Cold weather and big waves are less conducive to long swims, but it is weather for beachcombing as wind and waves cast debris on the shore. Fossils are the perfect target: both ancient ones and those being laid into the future.
Colder weather sees waves reaching further up beaches and rain running down cliffs, washing fossils out of mud. Fossils are ancient life preserved in rock and this occurs in different ways. Very rarely, whole organism fossils are found in which the soft tissue is preserved by freezing, desiccation, or encasement in tar or resin. Most fossils are formed when heat or pressure from burial in sediment leaves a residue of carbon in the shape of an organism. Sometimes when organisms’ soft tissues decay in sediment, water containing minerals seeps into spaces between bones and leaves an enduring outline of the organism in minerals. Fossils can also be moulds or casts of the exterior of an organism – like the giant stone donuts on the cliffs east of Lulworth Cove in Dorset (below, left), which are moulds of ancient tree stumps. Fossils aren’t just records of history: they tell us about life itself and influence human society. Fossils fuelled Darwin’s theory of evolution. Archaeopteryx fossils found in the sediment remains of a tropical sea within which Europe was immersed as an archipelago show the bridge between dinosaurs and birds in the form of a creature that had both feathers and a toothed jaw.
Fossils aren’t just records of history: they tell us about life itself and influence human society… Over winter, fossils are released from being buried in mud and in early Spring can still be found loose on the beach. If they aren’t picked up they wash out with tides into the sea.
Over winter, fossils are released from being buried in mud and in early Spring they can still be found loose on the beach. If they aren’t picked up they wash out with tides into the sea. Although many fossils are lost to the sea, constant washing out of mud replaces them. However, on some sites fossils are finite and should not be collected as it damages the site. Those embedded in rock that require digging to remove are best left to experts who know how to extract them without damaging them.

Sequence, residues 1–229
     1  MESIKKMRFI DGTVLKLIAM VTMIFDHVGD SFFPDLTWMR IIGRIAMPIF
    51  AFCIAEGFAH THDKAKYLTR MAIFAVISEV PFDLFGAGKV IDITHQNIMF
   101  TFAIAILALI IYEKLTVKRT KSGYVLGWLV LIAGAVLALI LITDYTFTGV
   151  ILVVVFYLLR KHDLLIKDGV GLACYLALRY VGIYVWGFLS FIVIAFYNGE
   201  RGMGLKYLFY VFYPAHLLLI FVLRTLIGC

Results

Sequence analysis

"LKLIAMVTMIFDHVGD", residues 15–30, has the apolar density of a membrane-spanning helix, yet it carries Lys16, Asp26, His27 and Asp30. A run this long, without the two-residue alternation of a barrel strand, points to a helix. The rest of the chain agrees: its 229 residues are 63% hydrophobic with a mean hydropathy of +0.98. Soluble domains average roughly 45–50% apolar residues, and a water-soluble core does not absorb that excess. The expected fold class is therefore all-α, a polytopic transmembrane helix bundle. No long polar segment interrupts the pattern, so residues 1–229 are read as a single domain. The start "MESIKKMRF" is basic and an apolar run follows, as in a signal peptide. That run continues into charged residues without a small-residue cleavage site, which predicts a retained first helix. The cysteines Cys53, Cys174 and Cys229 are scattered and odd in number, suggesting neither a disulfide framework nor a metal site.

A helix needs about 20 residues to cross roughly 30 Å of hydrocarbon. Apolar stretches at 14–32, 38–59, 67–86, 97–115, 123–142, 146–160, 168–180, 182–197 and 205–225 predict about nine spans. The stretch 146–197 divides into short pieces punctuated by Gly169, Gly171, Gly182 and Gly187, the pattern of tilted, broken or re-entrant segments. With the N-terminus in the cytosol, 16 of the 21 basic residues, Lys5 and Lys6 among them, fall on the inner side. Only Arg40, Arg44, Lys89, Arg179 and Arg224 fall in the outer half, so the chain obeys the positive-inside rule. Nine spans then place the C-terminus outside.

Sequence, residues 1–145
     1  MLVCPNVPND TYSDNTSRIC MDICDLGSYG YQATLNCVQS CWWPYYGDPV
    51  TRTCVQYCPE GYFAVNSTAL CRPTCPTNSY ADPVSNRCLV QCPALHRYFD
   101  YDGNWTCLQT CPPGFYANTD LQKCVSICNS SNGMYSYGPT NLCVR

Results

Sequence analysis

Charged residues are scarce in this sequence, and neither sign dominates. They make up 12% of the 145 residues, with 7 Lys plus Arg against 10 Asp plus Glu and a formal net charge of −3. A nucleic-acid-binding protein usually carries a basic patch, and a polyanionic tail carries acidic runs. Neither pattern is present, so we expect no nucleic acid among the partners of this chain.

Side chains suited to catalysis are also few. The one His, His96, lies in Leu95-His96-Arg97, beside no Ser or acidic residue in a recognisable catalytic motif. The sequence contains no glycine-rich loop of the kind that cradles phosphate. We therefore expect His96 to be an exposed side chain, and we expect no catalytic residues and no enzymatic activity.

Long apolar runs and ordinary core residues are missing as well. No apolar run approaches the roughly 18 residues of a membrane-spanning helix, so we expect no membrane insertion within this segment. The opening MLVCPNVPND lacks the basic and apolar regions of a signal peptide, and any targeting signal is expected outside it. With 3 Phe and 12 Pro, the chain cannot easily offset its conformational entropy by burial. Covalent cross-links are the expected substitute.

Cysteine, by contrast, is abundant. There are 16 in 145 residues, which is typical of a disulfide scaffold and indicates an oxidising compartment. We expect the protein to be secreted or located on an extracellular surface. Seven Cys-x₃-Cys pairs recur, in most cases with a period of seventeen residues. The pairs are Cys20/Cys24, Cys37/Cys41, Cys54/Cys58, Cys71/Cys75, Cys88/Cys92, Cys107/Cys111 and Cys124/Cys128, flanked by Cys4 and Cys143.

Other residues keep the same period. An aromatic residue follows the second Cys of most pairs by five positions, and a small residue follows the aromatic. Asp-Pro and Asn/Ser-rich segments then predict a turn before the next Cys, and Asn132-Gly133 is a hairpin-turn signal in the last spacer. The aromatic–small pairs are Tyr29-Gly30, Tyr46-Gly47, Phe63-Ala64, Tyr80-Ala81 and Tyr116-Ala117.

Fossiling on beaches, although technically on dry land, requires basic awareness of the sea. Once you have found a fossil the excitement becomes distracting, so it is important to know in advance what the sea will be doing so that you avoid getting trapped at the base of a cliff by a tide that has risen while you were distracted. Check tide times in advance. Go out along the shoreline looking for fossils as the tide is falling. Keep an eye on the time or set an alarm to remind you to head back as the tide starts to rise again.
Never hammer at cliffs to get fossils out. If you can get a rock out of a cliff it is unstable and especially after winter waves and rain there is a risk its edges can collapse. Stay away from cliff edges and look for fossils in safety further down the beach. Charmouth in Dorset has fossils on the beach, and shares a good guide to safe and sustainable fossiling online. Nearby, Lyme Regis Museum runs fossil walks that are excellent both in terms of their knowledgeable guide and the fossil-rich location. While there, give a salute to fossil hunter and expert Mary Anning, who scientists of her time consulted but did not receive the recognition she deserved from society at the time because she was a woman. While the Natural History Museum in London has great collections of fossils on display, The Etches Collection in Kimmeridge has fossils, runs activities for children, and is located just above Kimmeridge. So on a visit to the Etches Collection you can combine finding out about fossils with a look for fossils on the beach and a swim.